Why Should Bill Gates Have All the Fun?: Stories to Spread the Joy of “Giving”
Why Should Bill Gates Have All the Fun?: Stories to Spread the Joy of “Giving.”
By Susan Carey Dempsey, 9/13/07
Bill Clinton has famously created an unprecedented role in his post-presidential years, of brokering and encouraging philanthropic initiatives that are historic in their scope and degree of innovation. Building on the boost that the Clinton Global Initiative has given to philanthropy, he’s now published a book that seeks to infect average citizens with the same joy of giving that’s become widely associated with industrial tycoons.
In CGI’s annual conferences, Clinton clearly takes great relish in using the commitments of mega-philanthropists to spur giving at higher levels in more innovative ways than ever. At the same time, he goes out of his way to point out that the small acts of individuals have a place in the fabric of a caring society, lest people feel that unless you’re a Bill Gates, you needn’t bother.
That message resounds in Clinton’s new book, Giving: How Each of Us Can Change the World. He illustrates his point by recounting stories of individuals who decided to make a difference through personal involvement or charitable contributions. These range from the well-known, like Oseola McCarty, who put away enough money over a hard-working, simple lifetime as a laundress to create an endowment for African-American students at the University of Southern Mississippi, to families who’ve quietly created charitable organizations to help others as a memorial to a loved one.
To professionals working in philanthropy, much of the material will sound familiar, such as the story behind Heifer International, or Dr. Paul Farmer’s work in Haiti. Clinton draws out less well-known examples, though, such as a couple from New York, who were so taken aback by conditions in Zimbabwe when they went to Africa for a wedding, that they formed the US Africa Children’s Fellowship. [An interview follows this article.] Linking up with the Zimbabwe Organization of Rural Associations for Progress, they’ve built a successful program to provide schools with supplies ranging from sports equipment to sewing machines to school uniforms and books. Mark Grashow and Sheri Saltzberg made sure to incorporate into their program American schools, where the students become aware of how difficult it may be for their Zimbabwe counterparts to accomplish the simple tasks in a school day, from walking miles to school to getting enough to eat to being able to dress for school. Many, orphaned by AIDS, cannot attend school because the burden of raising younger family members has fallen to them. The American children take part in raising funds for the schools, and frequently write letters to the African students half a world away.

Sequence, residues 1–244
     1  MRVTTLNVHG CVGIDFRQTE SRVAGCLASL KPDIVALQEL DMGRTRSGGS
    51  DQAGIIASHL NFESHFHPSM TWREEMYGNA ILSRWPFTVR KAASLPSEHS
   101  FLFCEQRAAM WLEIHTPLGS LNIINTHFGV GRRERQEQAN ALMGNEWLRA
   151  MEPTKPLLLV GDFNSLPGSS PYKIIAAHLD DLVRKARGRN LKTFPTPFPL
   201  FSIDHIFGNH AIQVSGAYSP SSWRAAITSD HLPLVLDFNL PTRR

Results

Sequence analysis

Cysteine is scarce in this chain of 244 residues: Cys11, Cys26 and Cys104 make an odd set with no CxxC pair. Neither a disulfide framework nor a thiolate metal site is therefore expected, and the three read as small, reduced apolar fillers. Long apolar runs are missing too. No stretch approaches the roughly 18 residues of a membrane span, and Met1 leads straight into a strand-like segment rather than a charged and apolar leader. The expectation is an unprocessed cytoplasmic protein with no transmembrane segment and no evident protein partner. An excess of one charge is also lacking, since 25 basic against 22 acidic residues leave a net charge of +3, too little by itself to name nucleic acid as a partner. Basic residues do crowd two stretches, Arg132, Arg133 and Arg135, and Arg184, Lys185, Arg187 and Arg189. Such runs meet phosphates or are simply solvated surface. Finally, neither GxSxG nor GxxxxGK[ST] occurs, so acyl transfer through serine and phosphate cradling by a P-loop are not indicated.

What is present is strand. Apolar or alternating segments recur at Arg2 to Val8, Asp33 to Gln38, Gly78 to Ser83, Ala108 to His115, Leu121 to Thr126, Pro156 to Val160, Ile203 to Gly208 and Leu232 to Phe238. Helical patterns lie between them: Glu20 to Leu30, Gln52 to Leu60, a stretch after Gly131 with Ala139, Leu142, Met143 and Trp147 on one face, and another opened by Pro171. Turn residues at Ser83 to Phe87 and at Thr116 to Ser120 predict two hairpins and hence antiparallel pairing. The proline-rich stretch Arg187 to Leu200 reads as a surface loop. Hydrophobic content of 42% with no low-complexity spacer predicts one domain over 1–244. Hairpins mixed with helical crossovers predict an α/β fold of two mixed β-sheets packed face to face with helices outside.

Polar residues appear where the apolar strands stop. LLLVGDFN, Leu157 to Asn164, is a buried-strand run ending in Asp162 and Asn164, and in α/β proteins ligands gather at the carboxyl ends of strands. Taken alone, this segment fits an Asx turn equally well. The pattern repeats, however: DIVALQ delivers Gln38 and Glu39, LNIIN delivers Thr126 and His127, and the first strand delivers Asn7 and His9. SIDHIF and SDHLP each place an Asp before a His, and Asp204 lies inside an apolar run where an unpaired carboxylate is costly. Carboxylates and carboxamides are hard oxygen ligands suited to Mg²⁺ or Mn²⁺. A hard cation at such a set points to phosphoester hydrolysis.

There’s a well-known trend, which some call the “celebrification” of philanthropy, to shine the spotlight on causes because of the presence of Hollywood stars and other larger-than life figures. Clinton uses this to advantage, sprinkling the pages with bold-faced names, yet the deeds he highlights are generally more substantial than the paparazzi-laced photo-ops that often masquerade as altruism. And when you’re Bill Clinton, you can keep the narrative lively with phrases like, “I said to Oprah,” and “Nelson Mandela and I closed the World AIDS Conference,” in addition to providing illustrative examples from Tiger Woods to The Edge and Bono, of people who’ve applied their celebrity to social impact.
His challenge to the reader is not only to raise funds or donate, but to become involved in advocacy for change. He cites advocacy organizations such as the National Breast Cancer Coalition or the Sierra Club, but also recounts actions taken by cities and states to respond to climate change and encourage green building, where he urges citizens to raise their voices.
He argues on behalf of organizing markets for philanthropic efforts, using the same strategies as businesses successfully employ. Just as the Clinton Foundation did in addressing the AIDS crisis by organizing markets to deliver medications to poor countries, individuals have been inspired to organize public goods markets in several areas. Bringing power and water to impoverished areas in Nigeria, enabling American hospitals to mentor counterparts in Africa, or increasing microcredit loans, all have been expanded and made more effective through better organized markets.
The book’s not preachy, and Clinton suggests that people who are not inclined to give may have legitimate reasons: “they don’t believe what they could do would make a difference…no one has ever asked them to do so.” In truth, of course, he’s largely preaching to the choir, for this book’s readers are likely to be people who are inclined to give but would perhaps like to see greater impact. In its chapters, there are countless examples of how philanthropy can be effective, the joy of giving can be infectious, and indeed, the energy and generosity of ordinary individuals can overcome the most formidable obstacles.
Giving: How Each of Us Can Change the World by Bill Clinton,
Alfred A. Knopf, September 2007